This blog is dedicated to simple home cooking, mostly because that’s the kind of cooking—and eating—I like best. But every once and while, the urge to make something ‘fancy’ strikes. So when a friend from Rome visited last night, I decided to put on the ritz and serve this elegant ‘restaurant’ dish of seared sea scallops on a bed on potatoes cut into small cubes and simmered with broth to resemble risotto and surrounded by a heavenly cream sauce.
Step 1: Begin by making the sauce: Sweat half a fennel, a leek and 2 shallots, all fined chopped, in some butter until tender. Add a splash of white wine and let that reduce by half. Then add a pint of cream and a few fronds pulled from the fennel stalk. Bring to a boil and simmer until the cream has thickened a bit. Transfer the mixture to a blender and blend at the highest setting (usually ‘liquify’) until the sauce is completely smooth. Return the sauce to the pan. (If you really want to get fancy, strain the purée through a sieve—but I skipped this step.) If too thick, add a bit more cream or milk until you have the consistency you want. Just before you need it, warm it up again and add another bit butter and minced chives.
Step 2: Then make the mock risotto: Sweat a shallot and a pint of mushrooms in butter until tender. Then add one or two diced potato and a fresh bay leaf. Begin to add chicken stock (or broth) a ladleful at a time and allow to thicken before adding more, just as if you were making an actual risotto. Continue to cook until the potatoes are tender but not mushy—depending on how finely you’ve cubed your potatoes, this should only take 5 minutes or so. Adjust the seasoning if needed.
Step 3: Finally, just before you are ready to eat, sear your scallops (about 2 per person) in a lightly greased non-stick pan over high heat. About 2 minutes per side should do.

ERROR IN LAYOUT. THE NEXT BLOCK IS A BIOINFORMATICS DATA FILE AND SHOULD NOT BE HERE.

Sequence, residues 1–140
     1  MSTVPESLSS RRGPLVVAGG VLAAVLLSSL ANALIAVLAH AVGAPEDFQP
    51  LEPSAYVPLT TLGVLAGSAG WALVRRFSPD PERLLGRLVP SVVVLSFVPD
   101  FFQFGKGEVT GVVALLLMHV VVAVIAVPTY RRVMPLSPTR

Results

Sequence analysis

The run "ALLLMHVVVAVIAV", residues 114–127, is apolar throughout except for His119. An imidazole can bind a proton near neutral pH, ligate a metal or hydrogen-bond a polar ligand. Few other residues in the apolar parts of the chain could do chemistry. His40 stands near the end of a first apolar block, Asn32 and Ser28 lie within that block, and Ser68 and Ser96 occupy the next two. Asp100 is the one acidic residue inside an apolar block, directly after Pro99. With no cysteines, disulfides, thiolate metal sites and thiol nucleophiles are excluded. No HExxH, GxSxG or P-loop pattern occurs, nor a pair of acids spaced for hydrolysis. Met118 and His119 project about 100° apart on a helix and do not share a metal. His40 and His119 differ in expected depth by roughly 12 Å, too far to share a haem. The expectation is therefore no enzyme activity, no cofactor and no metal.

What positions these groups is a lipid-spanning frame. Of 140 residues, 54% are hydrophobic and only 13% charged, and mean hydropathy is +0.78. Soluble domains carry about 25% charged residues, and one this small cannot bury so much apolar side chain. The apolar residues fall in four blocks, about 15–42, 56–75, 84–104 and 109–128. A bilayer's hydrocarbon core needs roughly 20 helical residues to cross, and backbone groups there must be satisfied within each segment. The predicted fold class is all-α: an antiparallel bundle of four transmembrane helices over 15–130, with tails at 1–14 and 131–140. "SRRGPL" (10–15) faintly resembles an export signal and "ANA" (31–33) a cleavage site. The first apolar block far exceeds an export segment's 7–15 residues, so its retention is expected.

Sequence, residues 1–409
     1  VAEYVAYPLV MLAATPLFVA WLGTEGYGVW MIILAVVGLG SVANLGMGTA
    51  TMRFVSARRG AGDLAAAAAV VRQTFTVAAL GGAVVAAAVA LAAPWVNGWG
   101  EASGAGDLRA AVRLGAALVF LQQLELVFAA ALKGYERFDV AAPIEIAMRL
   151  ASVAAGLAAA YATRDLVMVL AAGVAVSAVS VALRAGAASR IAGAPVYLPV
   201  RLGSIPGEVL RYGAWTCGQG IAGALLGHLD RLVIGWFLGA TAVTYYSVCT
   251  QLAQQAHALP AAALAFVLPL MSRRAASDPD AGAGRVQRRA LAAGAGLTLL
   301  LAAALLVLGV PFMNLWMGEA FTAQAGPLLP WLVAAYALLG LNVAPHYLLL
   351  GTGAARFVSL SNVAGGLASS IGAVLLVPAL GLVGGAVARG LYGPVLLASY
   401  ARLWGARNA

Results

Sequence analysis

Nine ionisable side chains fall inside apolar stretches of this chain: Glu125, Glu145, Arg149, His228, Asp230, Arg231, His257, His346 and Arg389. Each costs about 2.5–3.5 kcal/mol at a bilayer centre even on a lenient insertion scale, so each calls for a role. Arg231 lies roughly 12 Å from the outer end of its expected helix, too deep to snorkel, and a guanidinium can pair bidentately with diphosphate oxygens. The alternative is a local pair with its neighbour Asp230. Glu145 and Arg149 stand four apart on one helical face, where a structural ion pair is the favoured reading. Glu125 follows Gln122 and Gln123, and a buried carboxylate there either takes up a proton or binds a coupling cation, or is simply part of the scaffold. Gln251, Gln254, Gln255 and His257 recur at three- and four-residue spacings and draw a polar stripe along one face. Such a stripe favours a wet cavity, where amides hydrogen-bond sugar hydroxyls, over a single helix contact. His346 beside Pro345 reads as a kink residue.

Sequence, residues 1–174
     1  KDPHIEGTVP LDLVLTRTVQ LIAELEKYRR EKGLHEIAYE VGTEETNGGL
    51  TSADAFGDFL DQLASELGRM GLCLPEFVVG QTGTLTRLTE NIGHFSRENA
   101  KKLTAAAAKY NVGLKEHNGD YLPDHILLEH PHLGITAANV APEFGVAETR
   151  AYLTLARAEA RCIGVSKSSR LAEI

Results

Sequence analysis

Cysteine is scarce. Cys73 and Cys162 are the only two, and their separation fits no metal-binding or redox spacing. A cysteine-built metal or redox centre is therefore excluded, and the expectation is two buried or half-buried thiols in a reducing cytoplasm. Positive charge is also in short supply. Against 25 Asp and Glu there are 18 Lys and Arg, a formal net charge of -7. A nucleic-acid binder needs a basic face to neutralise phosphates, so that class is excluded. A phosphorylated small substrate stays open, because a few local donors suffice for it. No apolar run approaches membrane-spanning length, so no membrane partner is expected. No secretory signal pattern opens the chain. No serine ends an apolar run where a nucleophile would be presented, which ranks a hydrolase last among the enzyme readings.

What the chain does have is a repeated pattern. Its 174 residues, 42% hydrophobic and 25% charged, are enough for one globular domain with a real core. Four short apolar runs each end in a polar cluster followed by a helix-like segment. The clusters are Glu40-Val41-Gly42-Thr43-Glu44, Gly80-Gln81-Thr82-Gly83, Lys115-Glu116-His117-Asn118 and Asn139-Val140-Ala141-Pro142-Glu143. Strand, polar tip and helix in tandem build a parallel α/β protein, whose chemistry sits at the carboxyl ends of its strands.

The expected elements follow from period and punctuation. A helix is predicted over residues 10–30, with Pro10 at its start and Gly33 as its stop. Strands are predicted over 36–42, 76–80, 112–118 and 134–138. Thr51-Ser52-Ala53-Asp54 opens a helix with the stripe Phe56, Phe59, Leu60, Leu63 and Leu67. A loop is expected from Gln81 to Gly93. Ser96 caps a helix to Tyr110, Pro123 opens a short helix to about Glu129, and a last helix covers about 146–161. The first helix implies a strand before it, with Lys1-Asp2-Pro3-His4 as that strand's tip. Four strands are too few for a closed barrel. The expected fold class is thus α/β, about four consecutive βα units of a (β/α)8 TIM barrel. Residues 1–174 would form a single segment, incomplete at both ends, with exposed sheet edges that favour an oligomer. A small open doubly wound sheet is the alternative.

Step 4: Assemble the dish by spooning a portion of the mock risotto in the center of each plate, then surround with the cream sauce and top the risotto with the scallops. Serve immediately.
NOTES: The whole dish, while it involved three separate elements and a final assembly, is actually fairly quick and easy to make. You can make things even easier by making the sauce and risotto ahead and heating them up gently just before you need them.
The original recipe (see below) calls for diver scallops, but last night I used regular sea scallops, which were perfectly delicious. (The centers of the scallops will still be quite ‘rare’ after this short cooking period. If you are squeamish about semi-raw seafood, then you can let it cook a bit more in a hot oven for, say, 5 minutes—but the scallops will be less sweet when cooked entirely through. Or you can slice each scallop in half across its mid-drift so they cook more quickly.)
The potatoes should be waxy, not mealy, the kind that you would use for potato salad or a gratin, like Yukon Golds. Since the potato is meant to mimic a risotto, it is best to cube it just as finely as you can manage, no more than a millimeter/1/8 inch wide. And, for that special touch, warm the plates before serving.
This recipe comes from Restaurant Eve in Old Town Alexandria, via fellow blogger and Foodbuzzer, “Kiss My Spatula“. I have made some adjustments, however, to give this dish a personal touch. The tips and tricks noted above are my own.